My Past and Present
Vol 7 1998
I am originally Egyptian . . . but was born and raised in Kenya, then we moved to Waterloo, Ontario when I was fourteen . . . my name is Wasmaa Turky
The last time I had travelled to Egypt was eight years ago. I am now twenty two. So, when I went there last summer, I was observing the country through different perceptions. If I were to sum up my journey in one word, I would have to say fascinating. It is hard to be in Egypt and not think of the past, present and future all at once. One’s mind is constantly overwhelmed with thoughts of culture and social diversity. Especially if one is accustomed to the luxuries of a modern world such as Canada. I found that the best attitude was to break free from the confines of my own ego and try to withhold judgement.
It was interesting that, at first, I was considered a foreigner. Although, here in Canada, I am used to being asked where I come from, I wasn’t quite prepared to answer the same question in Egypt.
Of course, my poor language skills and obvious accent did not help. I didn’t have a mature vocabulary, and I suddenly realized that I think in English, which made expressing myself in Arabic rather difficult.
In my very own opinion, I found most people seemed disillusioned about the west and North America. There is a huge invasion through the media and multinationals. The youth listen to the same music, watch the same movies, attempting to lead similar lifestyles; the effect of American media is incredibly powerful and influential. Most students study in either English or French as well as the Arabic. This has allowed a new wave of thought, which separates them from their parents, both in culture and identity.
Although there is a new sense of freedom among the youth, Egypt remains tightly bound by culture and traditions that are rooted through its ancient civilization and religions.
I found that being a young woman travelling alone was not always a good idea. I wanted to stay away from these thoughts because I knew that my opinions came from being raised in a different culture and would not necessarily be correct. For example, when walking down the street, I was constantly reminded of my female presence, the steady remarks, jeers, whistles .. which were everything but subtle, became truly annoying. However, the other Egyptian girls were quite used to this, and, in fact, found my observations funny. They were more confident in walking by and not giving this a single thought.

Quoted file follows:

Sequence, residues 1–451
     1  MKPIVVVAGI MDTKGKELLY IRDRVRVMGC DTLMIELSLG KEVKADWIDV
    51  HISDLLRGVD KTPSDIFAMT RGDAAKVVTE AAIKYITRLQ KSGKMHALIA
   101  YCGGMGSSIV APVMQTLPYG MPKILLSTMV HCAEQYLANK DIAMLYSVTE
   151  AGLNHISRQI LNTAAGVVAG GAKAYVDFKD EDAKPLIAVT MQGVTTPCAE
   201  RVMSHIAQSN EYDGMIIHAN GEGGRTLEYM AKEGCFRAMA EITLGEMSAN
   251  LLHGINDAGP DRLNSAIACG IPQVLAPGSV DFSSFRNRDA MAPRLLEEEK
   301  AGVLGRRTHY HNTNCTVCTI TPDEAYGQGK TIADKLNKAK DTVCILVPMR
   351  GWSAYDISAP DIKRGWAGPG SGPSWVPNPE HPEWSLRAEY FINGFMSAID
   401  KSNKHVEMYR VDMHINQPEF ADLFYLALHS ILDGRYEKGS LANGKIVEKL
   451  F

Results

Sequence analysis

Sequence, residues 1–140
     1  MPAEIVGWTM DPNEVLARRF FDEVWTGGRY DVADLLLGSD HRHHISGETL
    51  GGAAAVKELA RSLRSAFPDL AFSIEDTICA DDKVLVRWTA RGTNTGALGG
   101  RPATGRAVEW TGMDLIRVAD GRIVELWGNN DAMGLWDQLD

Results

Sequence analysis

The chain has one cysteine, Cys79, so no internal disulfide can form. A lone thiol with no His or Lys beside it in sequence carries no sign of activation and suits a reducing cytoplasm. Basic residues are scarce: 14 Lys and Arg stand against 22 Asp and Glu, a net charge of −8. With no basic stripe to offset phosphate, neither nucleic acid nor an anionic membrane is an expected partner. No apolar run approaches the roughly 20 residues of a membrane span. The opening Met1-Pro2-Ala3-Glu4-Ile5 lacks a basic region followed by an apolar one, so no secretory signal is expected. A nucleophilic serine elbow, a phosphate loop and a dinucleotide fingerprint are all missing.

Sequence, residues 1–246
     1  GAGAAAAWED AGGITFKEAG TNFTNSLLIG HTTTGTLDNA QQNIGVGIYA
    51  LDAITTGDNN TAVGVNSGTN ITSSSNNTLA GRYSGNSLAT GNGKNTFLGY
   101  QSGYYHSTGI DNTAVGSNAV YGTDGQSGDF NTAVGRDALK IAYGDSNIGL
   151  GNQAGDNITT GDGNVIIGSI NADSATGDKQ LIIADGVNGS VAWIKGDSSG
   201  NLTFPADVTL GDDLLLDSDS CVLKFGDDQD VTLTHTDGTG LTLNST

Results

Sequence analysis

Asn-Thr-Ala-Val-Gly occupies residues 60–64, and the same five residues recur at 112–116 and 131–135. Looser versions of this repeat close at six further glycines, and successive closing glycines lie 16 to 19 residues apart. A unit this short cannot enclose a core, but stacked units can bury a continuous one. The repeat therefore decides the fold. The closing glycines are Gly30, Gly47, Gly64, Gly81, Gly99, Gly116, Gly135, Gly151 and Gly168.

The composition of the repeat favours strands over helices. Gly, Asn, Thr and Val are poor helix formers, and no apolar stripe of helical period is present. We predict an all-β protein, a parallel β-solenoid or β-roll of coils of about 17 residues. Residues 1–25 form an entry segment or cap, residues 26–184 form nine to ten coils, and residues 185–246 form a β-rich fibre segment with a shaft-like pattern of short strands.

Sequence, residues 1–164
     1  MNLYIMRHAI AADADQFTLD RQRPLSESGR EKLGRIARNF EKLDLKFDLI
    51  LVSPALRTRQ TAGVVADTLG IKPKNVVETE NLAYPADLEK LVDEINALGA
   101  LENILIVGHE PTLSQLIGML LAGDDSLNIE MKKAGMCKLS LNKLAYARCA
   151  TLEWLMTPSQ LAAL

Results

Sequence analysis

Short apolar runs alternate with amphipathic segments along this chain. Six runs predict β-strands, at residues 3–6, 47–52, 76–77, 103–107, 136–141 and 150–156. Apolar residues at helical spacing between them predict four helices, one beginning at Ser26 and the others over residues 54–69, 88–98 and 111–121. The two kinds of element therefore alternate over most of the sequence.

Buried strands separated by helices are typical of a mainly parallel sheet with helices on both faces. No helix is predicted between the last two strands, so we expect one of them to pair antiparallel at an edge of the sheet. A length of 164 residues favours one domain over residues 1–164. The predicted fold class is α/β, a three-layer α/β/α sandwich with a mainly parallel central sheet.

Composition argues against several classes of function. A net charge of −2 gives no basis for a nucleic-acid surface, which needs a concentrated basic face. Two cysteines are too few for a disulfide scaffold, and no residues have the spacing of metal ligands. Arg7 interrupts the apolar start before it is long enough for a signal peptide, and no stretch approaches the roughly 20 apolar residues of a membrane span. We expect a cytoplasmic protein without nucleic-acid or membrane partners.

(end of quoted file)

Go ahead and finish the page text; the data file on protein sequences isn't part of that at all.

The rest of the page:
It didn’t matter if you were veiled or half naked.
This form of communication was to be expected from the streets, and this eventually became a trivial issue. In many ways allowing other men to relay their integrity by showing true respect which did not exist on the streets.
The hustle and bustle of the streets in Cairo have a life of their own. It seems that at all hours your senses are constantly occupied. The traffic jams and the people scattered everywhere leave it visually impossible to get bored. The ongoing sounds of car horns and blared Arabic music in the majority of driving-by taxis, ultimately turn into somewhat of a melody. The ever present heat of the day illuminates you and keeps you alert.
Cairo is the largest city in Africa and also one of the more densely populated areas of the world.
Tahrir Square in Cairo’s downtown, essentially the heart of the city, is where thousands of people gather everyday to catch overcrowded buses, metros and subways. The activity goes on all day and half way through the night. One cannot help but notice the diversity in social classes, Mercedes’, BMW’s, and Jaguars drive by peddlers, beggars, vendors, donkey carts and pedestrians. Surrounded by beautiful five star hotels, rich fantasy architecture of mosques, domes and minarets, leading you to very ‘chic’ shopping malls and business districts. The contrast is sometimes shocking. All this and the Nile flows through, as it always has, slowly and silently.